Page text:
Joel was calling Israel to revival! He was calling them to a spiritual attack, signaling the beginning of a spiritual battle to take back the hearts and minds of the Israelites, and return them to the things of God. He was calling the people to put aside their sinful ways and return to their worship of God, that they once couldn't escape from. Joel was warning of the disaster of life without God.

Joel does not just give warning, he also proclaims the battle plan,

"Now, therefore," says the LORD, "Turn to Me with all your heart, With fasting, with weeping, and with mourning." (Joel 2:12)

Perhaps Joel's call to the Israelites, also serves as a call to Revival for us today. As "Christians" become more and more casual in their relationship with God, happy to come and go to church, without ever experiencing the face and power of God, happy to return home to a life void of devotion to Him, perhaps this is the call that God wants us to heed. The call to revival!

Joel's strategy for battle for the Israelites, is our strategy for revival today. "Turn to Me with all your heart", we have to actively turn our hearts to Him. We need to step away from the distractions, and the things that pull us from His presence, and make a concentrated effort to turn all our heart to Him.

As committed and captive Christians God is calling us to battle. To battle the things of this world, the distractions that draw us away from God, the lack of a "need" to worship, God is calling us to fight for our souls, and the souls of those around us. He is calling us to fight for Revival!

Revival of our hearts will require fasting, weeping, mourning. It will require fervent, dedicated, and focused prayer. It will require weeping, mourning, remorse, and regret over the condition of ours and others souls. It will require a desire to be close to God!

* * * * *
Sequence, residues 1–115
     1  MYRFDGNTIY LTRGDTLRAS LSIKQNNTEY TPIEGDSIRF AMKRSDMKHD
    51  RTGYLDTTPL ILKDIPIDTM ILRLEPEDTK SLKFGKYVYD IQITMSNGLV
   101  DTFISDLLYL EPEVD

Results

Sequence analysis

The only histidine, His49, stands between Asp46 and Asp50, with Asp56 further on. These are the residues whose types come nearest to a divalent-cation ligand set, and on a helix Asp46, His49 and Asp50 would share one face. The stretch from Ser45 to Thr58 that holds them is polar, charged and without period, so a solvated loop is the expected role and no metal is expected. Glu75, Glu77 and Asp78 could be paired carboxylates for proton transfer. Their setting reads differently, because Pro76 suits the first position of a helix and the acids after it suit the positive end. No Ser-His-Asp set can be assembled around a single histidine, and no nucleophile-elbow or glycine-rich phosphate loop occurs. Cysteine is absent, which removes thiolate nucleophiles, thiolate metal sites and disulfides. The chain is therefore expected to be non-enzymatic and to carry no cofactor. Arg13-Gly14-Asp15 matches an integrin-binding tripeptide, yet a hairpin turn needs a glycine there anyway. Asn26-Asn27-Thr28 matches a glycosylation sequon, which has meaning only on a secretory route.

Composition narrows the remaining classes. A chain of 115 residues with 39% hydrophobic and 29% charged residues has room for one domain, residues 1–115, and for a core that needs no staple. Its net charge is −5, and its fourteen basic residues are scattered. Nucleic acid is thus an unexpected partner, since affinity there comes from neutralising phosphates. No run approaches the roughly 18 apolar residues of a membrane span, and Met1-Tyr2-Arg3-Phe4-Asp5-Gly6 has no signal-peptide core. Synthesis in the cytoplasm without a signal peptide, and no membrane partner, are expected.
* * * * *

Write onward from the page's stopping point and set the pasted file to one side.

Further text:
What is it in your life that you need to battle? What actions do you need to take to draw close to the heart of God? What distractions do you need to step away from, so you can see Him more clearly?

In conclusion I would like to close with this story of the Boston Tea Party:

After the Boston Tea Party, the British navy retaliated by blockading the port of Boston. The colonies surrounding Massachusetts responded with sympathy and action. On May 24, 1773, the House of Burgesses in Virginia proposed and approved a Day of Fasting, Humiliation, and Prayer:

This House, being deeply impressed with apprehension of the great dangers to be derived to British America from the hostile invasion of the city of Boston in our Sister Colony of Massachusetts Bay, whose commerce and harbor are, on the first day of June next, to be stopped by an armed force, deem it highly necessary that the said first day of June be set apart, by the members of this House, as a Day of Fasting, Humiliation, and Prayer, devoutly to implore the Divine interposition, for averting the heavy calamity which threatens destruction to our civil rights and the evils of civil war; to give us one heart and mind firmly opposed, by all just and proper means, every injury to American rights; and that the minds of his Majesty and his Parliament, may be inspired from above with wisdom, moderation, and justice, to remove from the loyal people of America all cause of danger from a continued pursuit of measures pregnant with their ruin. (from The American Patriot's Bible)

Chick-fil-a Song

Tim Hawkins Comedy: